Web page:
Let us guess, you were watching a game on TV and you noticed an MLB batter’s thumb ring.
Wait, you asked, is there such a thing as a baseball thumb guard?
Specifically, its a Pro Hitter’s Baseball Thumb Guard used for baseball batters. It’s purpose is to fill the gap between the oval shape of a cupped hand and the perfect cylinder of most wood bats. Hitters, and the company, claim it helps dampen sting on poorly hit balls and increase the girth of the bottom hand grip for a better overall feel. Last we counted, at least 40% of MLB players use one at least occasionally.
The short answser, this:
A few Google keystrokes later and, baaam, here you are. Short answer: it is a Pro Hitters training aid. It sits between the palm of the top hand and the bat. This device increases the contact with the bat. Many feel the ProHitter gives them more control, better comfort on mishits, and increases their palms contact.
The idea behind the ProHitter thumb guard is to remove the seperation between the hand and barrel knob. This volume filler allows for more consistent pressure on the knob which, in turn, allows for a stronger and more controlled grip. Hard to measure exactly how many use it in the MLB, but no less than 40% of players use it consistently and, likely, well over 70% have tried it.
This Prohitter’s batting training aid made our best gifts for baseball players list too.
First, the Prohitters Batter Training Aid forces the handle of the bat towards the fingers. The volume of the little plastic piece forces the bat handle out of the palm of the hand and, during the swing, keeps the grip where it needs to be.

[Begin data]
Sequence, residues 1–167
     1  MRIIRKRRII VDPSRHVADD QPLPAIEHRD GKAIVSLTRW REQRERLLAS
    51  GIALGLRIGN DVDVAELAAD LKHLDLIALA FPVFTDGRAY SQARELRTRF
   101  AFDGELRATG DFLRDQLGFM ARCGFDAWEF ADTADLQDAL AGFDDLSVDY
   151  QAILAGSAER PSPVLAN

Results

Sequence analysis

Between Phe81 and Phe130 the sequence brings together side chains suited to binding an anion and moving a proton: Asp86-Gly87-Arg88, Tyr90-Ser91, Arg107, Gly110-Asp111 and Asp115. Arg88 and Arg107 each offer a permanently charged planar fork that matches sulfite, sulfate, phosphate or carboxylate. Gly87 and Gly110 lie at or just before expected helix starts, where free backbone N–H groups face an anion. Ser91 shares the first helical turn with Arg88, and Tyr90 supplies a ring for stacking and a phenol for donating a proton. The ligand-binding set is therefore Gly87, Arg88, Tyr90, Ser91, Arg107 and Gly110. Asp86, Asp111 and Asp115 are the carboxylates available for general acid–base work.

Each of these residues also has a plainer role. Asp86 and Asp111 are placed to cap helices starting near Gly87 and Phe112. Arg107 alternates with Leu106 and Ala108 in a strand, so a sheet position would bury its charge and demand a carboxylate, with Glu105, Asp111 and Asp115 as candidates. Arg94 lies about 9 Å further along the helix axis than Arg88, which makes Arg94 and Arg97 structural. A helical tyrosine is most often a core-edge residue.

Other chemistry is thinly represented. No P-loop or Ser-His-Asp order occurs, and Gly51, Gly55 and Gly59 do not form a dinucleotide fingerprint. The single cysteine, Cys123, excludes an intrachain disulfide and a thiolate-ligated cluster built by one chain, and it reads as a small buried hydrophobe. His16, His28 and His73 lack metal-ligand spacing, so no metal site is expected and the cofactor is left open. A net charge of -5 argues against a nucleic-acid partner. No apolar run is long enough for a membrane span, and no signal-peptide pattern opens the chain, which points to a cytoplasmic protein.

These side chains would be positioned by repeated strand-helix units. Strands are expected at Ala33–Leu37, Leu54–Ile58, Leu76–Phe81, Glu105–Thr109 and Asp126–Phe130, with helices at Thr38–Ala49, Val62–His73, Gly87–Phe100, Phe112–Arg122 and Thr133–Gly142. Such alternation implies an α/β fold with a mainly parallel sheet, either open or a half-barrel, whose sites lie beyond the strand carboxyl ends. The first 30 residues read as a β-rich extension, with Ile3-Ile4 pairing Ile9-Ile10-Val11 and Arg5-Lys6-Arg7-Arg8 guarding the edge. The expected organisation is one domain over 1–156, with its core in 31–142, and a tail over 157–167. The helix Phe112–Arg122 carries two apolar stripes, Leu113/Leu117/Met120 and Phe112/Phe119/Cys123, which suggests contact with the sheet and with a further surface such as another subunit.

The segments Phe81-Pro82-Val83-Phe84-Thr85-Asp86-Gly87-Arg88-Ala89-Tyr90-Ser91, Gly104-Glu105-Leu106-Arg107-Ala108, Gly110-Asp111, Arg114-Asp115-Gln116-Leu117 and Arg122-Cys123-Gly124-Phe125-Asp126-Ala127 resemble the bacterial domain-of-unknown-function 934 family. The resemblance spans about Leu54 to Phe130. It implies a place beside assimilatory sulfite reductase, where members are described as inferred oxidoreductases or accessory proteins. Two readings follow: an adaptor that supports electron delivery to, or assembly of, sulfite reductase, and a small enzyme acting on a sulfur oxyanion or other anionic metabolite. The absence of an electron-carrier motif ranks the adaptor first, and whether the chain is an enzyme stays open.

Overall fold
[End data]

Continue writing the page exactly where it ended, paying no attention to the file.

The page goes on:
Second, the Prohitter helps reduce hand sting by taking some of the brunt of the vibration away from the top hand and into the plastic piece. Hitters who suffer from bone and palm bruising will find this a must.
Turns out, as you notice, several MLB players use the little gadget. Pro Hitter claims that more than 50% of big leaguers use it consistently. And based on the number of times we notice it on the hands of players we don’t disagree.
We at justbatreviews found the little piece to be very helpful—especially for younger players who tend to overgrip the bat and hold it too deep in their palms. The little gadget was simple to use and relatively inexpensive. They even make some youth versions of the Prohitter which might end up a really good baseball stocking stuffer.
Prohitter doesn’t release any data as to whether the device actually does improve bat grip or bat speed. However, they do claim, correctly, that well over 50% of Major League ball players take the time and effort to have it on their top hand thumb at every at bat—and in our mind that is as telling as any data points they could provide. Next time you watch a game, see how many Prohitters you can spot – we suspect you’ll be shocked how many you find.
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